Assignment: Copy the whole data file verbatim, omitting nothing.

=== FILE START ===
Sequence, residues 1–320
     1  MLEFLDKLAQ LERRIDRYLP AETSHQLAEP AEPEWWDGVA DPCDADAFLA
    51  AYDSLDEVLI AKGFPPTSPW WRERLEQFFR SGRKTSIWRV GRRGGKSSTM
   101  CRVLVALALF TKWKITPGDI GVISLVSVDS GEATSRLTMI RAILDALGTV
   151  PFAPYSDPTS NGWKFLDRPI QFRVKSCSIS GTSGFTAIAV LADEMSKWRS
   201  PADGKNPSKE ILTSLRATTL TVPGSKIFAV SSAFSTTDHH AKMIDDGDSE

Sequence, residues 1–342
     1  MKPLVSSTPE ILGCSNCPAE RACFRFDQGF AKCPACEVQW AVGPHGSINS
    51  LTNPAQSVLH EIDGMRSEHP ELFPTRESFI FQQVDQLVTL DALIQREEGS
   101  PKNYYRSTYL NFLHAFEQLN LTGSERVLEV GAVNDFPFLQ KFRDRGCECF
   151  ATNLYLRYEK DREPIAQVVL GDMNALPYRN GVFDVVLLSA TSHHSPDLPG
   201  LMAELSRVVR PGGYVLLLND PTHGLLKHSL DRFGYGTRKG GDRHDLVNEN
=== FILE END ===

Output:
Sequence, residues 1–320
     1  MLEFLDKLAQ LERRIDRYLP AETSHQLAEP AEPEWWDGVA DPCDADAFLA
    51  AYDSLDEVLI AKGFPPTSPW WRERLEQFFR SGRKTSIWRV GRRGGKSSTM
   101  CRVLVALALF TKWKITPGDI GVISLVSVDS GEATSRLTMI RAILDALGTV
   151  PFAPYSDPTS NGWKFLDRPI QFRVKSCSIS GTSGFTAIAV LADEMSKWRS
   201  PADGKNPSKE ILTSLRATTL TVPGSKIFAV SSAFSTTDHH AKMIDDGDSE

Sequence, residues 1–342
     1  MKPLVSSTPE ILGCSNCPAE RACFRFDQGF AKCPACEVQW AVGPHGSINS
    51  LTNPAQSVLH EIDGMRSEHP ELFPTRESFI FQQVDQLVTL DALIQREEGS
   101  PKNYYRSTYL NFLHAFEQLN LTGSERVLEV GAVNDFPFLQ KFRDRGCECF
   151  ATNLYLRYEK DREPIAQVVL GDMNALPYRN GVFDVVLLSA TSHHSPDLPG
   201  LMAELSRVVR PGGYVLLLND PTHGLLKHSL DRFGYGTRKG GDRHDLVNEN